Adding a mechanical filter into a is often a relatively simple job. The physical tasks are sometimes more difficult than the electrical. The electrical tasks are:
Suitable filters can be found for sale here. Ebay is also a possible source. Mechanical filters expect to be driven and to be terminated by the proper source and load resistance. Older filters with transducer coils also require the proper loading capacitors to resonate the coils to the IF frequency. It's also desirable to have an idea of the insertion loss of the filter to know if an amplifier will need to be added to supply additional gain. Of course you need to know the bandwidth of the filter to know if it's a desirable filter to add to your receiver. Most filters will be either high impedance (100 Kohms) or low impedance (2Kohms).
If modifying a modern solid state receiver, the receiver will usually be equipped with one or more ceramic filters already. If the receiver has a single filter, the design decision will be whether to replace the existing filter with a fixed mechanical filter for better bandwidth and or shape factor, or to add an additional filter which can be switched in or out of the circuit, leaving the existing filter in place.
If adding an additional filter, some method of providing switching must be selected. This might be by adding a toggle switch, either with a drilled hole in the front or rear panel, or for receivers with a door in the top, perhaps inside. An alternative might be to use an existing front panel switch with an unneeded function - dial light or ANL off or on, for example and use that to select the filter instead, either wired directly, or using the switch to power a relay or perhaps diode switching circuitry.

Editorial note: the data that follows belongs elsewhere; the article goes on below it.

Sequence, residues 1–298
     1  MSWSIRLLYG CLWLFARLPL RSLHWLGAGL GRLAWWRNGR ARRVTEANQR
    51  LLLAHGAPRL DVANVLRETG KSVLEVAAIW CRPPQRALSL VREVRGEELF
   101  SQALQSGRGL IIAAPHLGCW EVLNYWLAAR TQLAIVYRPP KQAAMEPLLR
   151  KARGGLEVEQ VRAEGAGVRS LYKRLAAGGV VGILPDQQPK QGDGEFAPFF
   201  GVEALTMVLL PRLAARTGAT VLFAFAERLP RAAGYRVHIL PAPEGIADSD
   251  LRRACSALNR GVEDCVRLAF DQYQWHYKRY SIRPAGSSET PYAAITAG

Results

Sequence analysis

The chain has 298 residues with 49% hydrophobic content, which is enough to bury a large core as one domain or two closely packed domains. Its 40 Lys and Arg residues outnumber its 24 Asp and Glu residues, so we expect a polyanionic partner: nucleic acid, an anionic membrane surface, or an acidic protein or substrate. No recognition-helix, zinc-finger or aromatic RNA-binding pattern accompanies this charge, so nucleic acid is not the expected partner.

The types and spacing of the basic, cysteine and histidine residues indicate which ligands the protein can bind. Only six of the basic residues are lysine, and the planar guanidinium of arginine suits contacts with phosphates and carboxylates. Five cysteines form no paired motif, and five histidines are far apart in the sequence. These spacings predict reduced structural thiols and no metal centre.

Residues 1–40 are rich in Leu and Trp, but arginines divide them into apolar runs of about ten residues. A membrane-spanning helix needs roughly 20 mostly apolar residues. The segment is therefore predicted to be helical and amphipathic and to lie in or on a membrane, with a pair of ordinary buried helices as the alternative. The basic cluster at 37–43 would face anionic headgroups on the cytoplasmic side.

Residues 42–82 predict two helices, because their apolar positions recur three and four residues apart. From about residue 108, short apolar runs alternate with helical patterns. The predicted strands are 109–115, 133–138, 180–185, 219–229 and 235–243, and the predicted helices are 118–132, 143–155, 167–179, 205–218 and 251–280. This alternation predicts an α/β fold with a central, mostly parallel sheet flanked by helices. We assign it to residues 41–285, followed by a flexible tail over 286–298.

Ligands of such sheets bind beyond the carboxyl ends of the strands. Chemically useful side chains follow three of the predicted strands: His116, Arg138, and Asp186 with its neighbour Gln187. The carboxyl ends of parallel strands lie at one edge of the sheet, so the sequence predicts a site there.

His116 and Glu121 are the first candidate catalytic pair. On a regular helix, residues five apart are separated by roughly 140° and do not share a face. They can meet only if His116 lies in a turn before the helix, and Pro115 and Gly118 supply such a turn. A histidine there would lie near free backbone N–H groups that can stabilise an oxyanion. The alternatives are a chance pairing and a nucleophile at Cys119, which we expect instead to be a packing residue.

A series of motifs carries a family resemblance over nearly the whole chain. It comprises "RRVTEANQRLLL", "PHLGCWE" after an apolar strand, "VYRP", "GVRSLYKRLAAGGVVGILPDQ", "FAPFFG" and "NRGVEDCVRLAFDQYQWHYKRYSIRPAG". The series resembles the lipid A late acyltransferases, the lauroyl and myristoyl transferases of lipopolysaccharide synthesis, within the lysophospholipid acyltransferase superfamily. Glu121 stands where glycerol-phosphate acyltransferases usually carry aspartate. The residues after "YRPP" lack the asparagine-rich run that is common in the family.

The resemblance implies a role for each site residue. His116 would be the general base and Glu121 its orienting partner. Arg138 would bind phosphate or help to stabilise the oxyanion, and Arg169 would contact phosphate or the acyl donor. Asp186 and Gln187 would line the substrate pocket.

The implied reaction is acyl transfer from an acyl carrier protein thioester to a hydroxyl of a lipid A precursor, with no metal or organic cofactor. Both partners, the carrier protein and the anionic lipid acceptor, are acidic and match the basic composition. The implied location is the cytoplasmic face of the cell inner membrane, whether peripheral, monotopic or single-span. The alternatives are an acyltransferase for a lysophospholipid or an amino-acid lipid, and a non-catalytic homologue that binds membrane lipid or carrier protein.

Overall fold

If replacing an existing mechanical filter, remove it and wire to its input and output terminal pads. If adding a switched filter in series with an existing ceramic, there is usually a series capacitor between the filter and the following IF amp. If the capacitor is removed, its two connection points become the inputs and outputs for the added filter/switching circuitry. Since the added filter should be connected with shielded cable, a nearby ground point will have to be found for the cable shield.
If adding a low impedance filter to a solid state radio, the circuitry driving the present filter may match the added filter correctly without changes. If the added filter has a low insertion loss, no other circuitry may be required. More often, an added stage of gain is required. Figure 1 Figure 1 shows an amplifier schematic which has worked well. RL and CL represent the required filter termination.
If using a high impedance filter in a low impedance solid state receiver, the input resistor should be placed in series with the filter, as shown in Figure 2. Even if additional gain is not required, the amplifier is useful to interface between a high impedance filter and low impedance receiver circuitry.
A lightweight filter such as the F455FA21 can often be held in place with double sided foam tape. Heavier filters will require a suitable mounting bracket.
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Copyright © 2004 John Kolb Last revised Apr 28, 2004